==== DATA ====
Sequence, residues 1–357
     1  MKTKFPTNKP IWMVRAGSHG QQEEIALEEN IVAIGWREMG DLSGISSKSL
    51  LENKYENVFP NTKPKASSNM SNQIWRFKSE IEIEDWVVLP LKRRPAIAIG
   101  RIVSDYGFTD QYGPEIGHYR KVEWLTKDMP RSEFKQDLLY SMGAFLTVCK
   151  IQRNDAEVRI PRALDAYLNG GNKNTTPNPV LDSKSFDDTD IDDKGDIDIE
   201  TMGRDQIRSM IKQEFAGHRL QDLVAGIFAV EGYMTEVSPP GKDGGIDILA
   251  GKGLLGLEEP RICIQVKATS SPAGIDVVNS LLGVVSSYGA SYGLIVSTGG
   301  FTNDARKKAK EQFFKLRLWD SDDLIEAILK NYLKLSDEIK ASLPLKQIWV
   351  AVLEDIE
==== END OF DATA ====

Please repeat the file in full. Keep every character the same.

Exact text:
Sequence, residues 1–357
     1  MKTKFPTNKP IWMVRAGSHG QQEEIALEEN IVAIGWREMG DLSGISSKSL
    51  LENKYENVFP NTKPKASSNM SNQIWRFKSE IEIEDWVVLP LKRRPAIAIG
   101  RIVSDYGFTD QYGPEIGHYR KVEWLTKDMP RSEFKQDLLY SMGAFLTVCK
   151  IQRNDAEVRI PRALDAYLNG GNKNTTPNPV LDSKSFDDTD IDDKGDIDIE
   201  TMGRDQIRSM IKQEFAGHRL QDLVAGIFAV EGYMTEVSPP GKDGGIDILA
   251  GKGLLGLEEP RICIQVKATS SPAGIDVVNS LLGVVSSYGA SYGLIVSTGG
   301  FTNDARKKAK EQFFKLRLWD SDDLIEAILK NYLKLSDEIK ASLPLKQIWV
   351  AVLEDIE